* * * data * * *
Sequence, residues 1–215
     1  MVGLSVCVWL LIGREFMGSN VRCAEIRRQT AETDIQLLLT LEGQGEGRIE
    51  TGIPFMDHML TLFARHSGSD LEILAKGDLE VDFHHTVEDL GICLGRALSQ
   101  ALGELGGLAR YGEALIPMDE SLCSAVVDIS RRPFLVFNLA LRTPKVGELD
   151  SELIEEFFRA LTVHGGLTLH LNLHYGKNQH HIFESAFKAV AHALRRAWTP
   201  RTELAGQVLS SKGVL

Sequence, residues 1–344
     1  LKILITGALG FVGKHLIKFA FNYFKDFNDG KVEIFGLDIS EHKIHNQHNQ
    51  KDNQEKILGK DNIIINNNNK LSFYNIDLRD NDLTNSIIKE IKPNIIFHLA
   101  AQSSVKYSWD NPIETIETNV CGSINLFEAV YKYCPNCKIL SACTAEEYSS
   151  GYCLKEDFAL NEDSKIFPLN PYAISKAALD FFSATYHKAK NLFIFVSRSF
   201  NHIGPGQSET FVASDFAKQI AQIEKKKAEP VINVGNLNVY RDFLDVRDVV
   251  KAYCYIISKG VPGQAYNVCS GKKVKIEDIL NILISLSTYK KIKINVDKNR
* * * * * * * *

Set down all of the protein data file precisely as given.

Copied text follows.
Sequence, residues 1–215
     1  MVGLSVCVWL LIGREFMGSN VRCAEIRRQT AETDIQLLLT LEGQGEGRIE
    51  TGIPFMDHML TLFARHSGSD LEILAKGDLE VDFHHTVEDL GICLGRALSQ
   101  ALGELGGLAR YGEALIPMDE SLCSAVVDIS RRPFLVFNLA LRTPKVGELD
   151  SELIEEFFRA LTVHGGLTLH LNLHYGKNQH HIFESAFKAV AHALRRAWTP
   201  RTELAGQVLS SKGVL

Sequence, residues 1–344
     1  LKILITGALG FVGKHLIKFA FNYFKDFNDG KVEIFGLDIS EHKIHNQHNQ
    51  KDNQEKILGK DNIIINNNNK LSFYNIDLRD NDLTNSIIKE IKPNIIFHLA
   101  AQSSVKYSWD NPIETIETNV CGSINLFEAV YKYCPNCKIL SACTAEEYSS
   151  GYCLKEDFAL NEDSKIFPLN PYAISKAALD FFSATYHKAK NLFIFVSRSF
   201  NHIGPGQSET FVASDFAKQI AQIEKKKAEP VINVGNLNVY RDFLDVRDVV
   251  KAYCYIISKG VPGQAYNVCS GKKVKIEDIL NILISLSTYK KIKINVDKNR